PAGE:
Population Health

Population health has become a focus for public health and many health systems. Improving population health is one of the key components of the Institute for Healthcare Improvement’s Triple Aim Initiative. According to David Kindig, population health is defined as the health outcomes of a group of individuals and includes the distribution of such outcomes within the group. Improving population health requires attention not only to improving the overall health of a population, but reducing disparities between groups within a population.


Life expectancy in the region is a prime example of the distinction between overall health outcomes and their distribution. Data for the metropolitan region’s population indicates that residents tend to live longer than the average American. However, life expectancies in the region varies widely depending upon where in the region one lives. The Robert Wood Johnson Foundation found life expectancies to vary by up to 7 years, depending upon where on the metro line one lives; and the Northern Virginia Health Foundation has documented that within Northern Virginia alone, the number of years an average newborn can expect to live varies by as many as 13 years. These disparities can be attributed to a number of health and socioeconomic factors, commonly referred to as social determinants of health (SDOH), including race, education, income, and neighborhood conditions, in addition to timely access to health care services.

For more information on population health in the region, check out the following resources:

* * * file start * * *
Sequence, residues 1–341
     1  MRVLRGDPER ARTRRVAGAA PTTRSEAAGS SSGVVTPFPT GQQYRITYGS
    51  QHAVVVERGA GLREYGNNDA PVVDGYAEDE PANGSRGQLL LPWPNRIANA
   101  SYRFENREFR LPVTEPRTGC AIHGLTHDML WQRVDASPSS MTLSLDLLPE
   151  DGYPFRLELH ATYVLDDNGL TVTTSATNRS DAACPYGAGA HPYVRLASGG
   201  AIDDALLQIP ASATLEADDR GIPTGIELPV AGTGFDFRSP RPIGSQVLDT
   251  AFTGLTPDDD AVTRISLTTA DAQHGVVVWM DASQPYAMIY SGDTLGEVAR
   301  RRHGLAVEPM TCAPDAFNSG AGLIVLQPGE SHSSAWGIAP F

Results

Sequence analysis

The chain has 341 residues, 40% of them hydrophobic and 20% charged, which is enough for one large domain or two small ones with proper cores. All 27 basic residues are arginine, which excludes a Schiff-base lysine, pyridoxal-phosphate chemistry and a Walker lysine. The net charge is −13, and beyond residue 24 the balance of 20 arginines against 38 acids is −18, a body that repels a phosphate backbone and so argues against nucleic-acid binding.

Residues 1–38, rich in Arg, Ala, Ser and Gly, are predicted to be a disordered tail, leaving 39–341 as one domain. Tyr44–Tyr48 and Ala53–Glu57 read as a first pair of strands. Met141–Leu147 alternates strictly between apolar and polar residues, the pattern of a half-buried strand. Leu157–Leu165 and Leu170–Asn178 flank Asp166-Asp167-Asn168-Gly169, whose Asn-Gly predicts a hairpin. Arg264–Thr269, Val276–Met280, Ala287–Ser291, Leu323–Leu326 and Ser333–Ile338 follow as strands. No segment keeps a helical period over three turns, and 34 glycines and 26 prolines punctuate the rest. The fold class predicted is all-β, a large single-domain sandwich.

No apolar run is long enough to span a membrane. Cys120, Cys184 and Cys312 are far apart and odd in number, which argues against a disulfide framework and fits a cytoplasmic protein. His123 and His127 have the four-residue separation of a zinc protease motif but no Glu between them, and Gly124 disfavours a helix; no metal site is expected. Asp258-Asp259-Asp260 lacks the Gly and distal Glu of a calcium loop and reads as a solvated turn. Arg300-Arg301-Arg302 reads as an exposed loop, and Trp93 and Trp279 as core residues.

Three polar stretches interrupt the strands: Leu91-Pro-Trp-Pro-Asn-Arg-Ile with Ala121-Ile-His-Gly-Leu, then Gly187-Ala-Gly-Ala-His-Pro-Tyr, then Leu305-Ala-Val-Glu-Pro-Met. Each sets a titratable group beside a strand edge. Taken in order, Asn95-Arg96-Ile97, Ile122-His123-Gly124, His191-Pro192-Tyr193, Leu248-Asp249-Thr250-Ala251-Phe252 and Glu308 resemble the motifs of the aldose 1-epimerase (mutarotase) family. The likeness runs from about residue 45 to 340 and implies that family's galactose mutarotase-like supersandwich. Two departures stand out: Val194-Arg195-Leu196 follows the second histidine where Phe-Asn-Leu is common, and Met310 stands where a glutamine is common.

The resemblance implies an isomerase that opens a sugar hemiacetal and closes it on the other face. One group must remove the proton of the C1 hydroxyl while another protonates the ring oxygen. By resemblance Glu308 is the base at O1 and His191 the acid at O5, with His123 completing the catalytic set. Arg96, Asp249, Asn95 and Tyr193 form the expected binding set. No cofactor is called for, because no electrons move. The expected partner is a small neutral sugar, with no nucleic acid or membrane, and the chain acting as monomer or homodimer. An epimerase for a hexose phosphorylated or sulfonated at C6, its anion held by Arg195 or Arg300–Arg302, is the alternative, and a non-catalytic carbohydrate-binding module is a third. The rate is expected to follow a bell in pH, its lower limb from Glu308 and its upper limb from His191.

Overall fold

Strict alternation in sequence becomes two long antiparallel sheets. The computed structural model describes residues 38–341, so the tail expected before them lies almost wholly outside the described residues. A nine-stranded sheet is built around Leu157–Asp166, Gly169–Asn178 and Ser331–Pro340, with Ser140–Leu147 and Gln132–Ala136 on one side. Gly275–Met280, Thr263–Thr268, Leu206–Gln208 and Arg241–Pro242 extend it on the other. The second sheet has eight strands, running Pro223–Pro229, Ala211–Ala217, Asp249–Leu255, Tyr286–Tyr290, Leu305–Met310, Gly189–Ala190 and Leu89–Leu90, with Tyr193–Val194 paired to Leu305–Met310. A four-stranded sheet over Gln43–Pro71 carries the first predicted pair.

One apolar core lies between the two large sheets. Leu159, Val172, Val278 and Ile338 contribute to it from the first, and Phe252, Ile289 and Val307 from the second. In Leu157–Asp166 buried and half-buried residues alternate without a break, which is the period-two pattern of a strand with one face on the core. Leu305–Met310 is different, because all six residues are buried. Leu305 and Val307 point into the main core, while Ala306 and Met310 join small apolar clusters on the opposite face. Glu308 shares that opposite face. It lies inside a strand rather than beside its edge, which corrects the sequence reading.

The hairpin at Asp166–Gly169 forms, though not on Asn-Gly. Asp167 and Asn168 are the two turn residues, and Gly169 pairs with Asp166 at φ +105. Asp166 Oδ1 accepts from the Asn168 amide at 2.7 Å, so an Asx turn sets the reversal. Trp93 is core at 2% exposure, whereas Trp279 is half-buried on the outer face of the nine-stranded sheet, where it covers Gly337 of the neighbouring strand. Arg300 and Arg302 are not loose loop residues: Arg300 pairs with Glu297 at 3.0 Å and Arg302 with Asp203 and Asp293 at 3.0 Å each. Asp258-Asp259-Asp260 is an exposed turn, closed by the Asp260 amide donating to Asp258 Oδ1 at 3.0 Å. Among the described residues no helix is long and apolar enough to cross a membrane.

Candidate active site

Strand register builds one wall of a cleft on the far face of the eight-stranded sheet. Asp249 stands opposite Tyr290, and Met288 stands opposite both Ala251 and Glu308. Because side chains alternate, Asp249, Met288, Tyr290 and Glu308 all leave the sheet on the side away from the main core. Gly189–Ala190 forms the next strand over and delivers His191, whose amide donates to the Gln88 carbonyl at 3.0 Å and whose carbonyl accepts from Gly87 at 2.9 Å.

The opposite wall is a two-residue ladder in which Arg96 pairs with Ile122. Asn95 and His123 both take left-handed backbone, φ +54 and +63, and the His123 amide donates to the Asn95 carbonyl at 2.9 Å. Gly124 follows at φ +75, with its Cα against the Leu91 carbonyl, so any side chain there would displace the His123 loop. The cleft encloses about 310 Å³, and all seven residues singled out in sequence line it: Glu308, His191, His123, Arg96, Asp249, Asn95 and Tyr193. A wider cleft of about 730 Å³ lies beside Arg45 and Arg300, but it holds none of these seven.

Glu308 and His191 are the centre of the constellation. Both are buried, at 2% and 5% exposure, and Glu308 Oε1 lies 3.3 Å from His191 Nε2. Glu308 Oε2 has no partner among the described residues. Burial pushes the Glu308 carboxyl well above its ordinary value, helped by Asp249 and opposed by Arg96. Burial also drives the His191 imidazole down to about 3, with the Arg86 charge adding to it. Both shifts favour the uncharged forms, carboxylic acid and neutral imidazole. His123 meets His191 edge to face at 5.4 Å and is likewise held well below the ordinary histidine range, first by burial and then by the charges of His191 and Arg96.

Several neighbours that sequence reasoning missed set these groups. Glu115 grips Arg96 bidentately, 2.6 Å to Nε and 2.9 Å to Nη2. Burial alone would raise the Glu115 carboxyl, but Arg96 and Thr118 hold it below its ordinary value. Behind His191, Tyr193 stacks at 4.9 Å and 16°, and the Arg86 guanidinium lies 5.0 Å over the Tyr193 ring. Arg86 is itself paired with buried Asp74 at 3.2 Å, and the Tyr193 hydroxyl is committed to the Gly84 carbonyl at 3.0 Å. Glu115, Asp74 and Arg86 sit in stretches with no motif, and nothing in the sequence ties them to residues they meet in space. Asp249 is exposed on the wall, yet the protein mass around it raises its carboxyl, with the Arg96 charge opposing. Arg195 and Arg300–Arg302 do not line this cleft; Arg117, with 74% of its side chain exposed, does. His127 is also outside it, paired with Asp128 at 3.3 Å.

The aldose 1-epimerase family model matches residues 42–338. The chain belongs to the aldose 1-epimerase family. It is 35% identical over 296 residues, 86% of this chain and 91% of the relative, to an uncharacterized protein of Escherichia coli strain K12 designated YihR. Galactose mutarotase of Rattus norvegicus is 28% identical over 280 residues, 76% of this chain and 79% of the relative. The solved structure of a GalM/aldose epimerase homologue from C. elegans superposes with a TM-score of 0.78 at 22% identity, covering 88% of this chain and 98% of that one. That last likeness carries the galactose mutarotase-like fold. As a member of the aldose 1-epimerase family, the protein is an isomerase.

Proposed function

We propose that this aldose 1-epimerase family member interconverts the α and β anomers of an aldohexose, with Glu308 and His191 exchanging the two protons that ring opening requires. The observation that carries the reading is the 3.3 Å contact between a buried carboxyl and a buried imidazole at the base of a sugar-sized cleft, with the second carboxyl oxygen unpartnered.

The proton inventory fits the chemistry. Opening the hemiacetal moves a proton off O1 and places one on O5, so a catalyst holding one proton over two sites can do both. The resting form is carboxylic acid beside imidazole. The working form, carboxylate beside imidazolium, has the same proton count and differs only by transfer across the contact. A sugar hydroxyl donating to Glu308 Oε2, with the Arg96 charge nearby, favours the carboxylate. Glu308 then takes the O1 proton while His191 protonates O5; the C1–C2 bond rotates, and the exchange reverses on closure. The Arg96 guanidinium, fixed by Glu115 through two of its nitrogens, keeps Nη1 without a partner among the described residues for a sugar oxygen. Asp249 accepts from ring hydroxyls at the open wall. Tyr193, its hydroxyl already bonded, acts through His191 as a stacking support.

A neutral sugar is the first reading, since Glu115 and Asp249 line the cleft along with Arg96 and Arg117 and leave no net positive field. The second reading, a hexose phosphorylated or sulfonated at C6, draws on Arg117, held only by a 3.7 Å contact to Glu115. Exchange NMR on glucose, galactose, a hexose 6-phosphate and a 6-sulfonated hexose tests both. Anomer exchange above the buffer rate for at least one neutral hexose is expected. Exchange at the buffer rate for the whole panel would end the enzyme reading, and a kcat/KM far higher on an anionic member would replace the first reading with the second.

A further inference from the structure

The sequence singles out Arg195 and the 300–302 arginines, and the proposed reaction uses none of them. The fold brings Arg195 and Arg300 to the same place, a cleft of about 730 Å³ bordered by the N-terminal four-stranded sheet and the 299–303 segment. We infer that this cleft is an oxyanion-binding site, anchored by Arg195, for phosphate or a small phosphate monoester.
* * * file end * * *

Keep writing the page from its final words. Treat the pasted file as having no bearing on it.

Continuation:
Uneven opportunities report

Metropolitan Washington Council of Governments Report on Uneven Opportunities in the Region

The Metropolitan Washington Council of Governments released a report that aims to better understand health status and disparities across the region. The report, Uneven Opportunities: How Conditions for Wellness Vary Across the Metropolitan Washington Region, was produced by the Virginia Commonwealth University Center on Society and Health and analyzed data from 1,223 census tracts in the region, with a focus on life expectancy and other factors that shape health.

Community Catalyst Report on Advancing Health Justice

Community Catalyst, a national non-profit advocacy organization that prioritizes quality affordable health care for all, released a report that makes the case for an agenda to improve the health of Americans. The report, Advancing Health Justice: Building a Health System that Works for Everyone, recommends that a policy agenda aimed a strengthening the “three-legged stool” consisting of coverage, quality, and social determinants of health is the best way to support a health system that works for everyone and achieves equitable health outcomes. Focusing on proactive advocacy and engagement with governments at the state and local levels will help build a more diverse health justice movement as an essential step for transformational change.


County Health Rankings & Roadmaps

The Robert Wood Johnson Foundation and the University of Wisconsin Population Health Institute build awareness of the many factors that influence health through their County Health Rankings & Roadmaps program. This initiative provides local data on health factors, including health behaviors, clinical care, social and economic factors, and physical environmental factors; and health outcomes, including measures for both length and quality of life, to help community leaders identify opportunities for improvement.

American Fact Finder

The American FactFinder provides access to data from many censuses and surveys. Search and download local, state, and national data on population and housing; poverty and income; social and education, and other characteristics that are comparable across all U.S. geographies.

(Kevin Harber/Flickr)

Kids Count Data Center

The Kids Count Data Center, a project of the Annie E. Casey Foundation, pools data from national resources, as well as Kids Count state organizations, to assess the health of children in the United States. Visitors to the site can access local, state, and national data on hundreds of indicators affecting child health, including demographics, economic well-being, education, family and community, health, and safety indicators.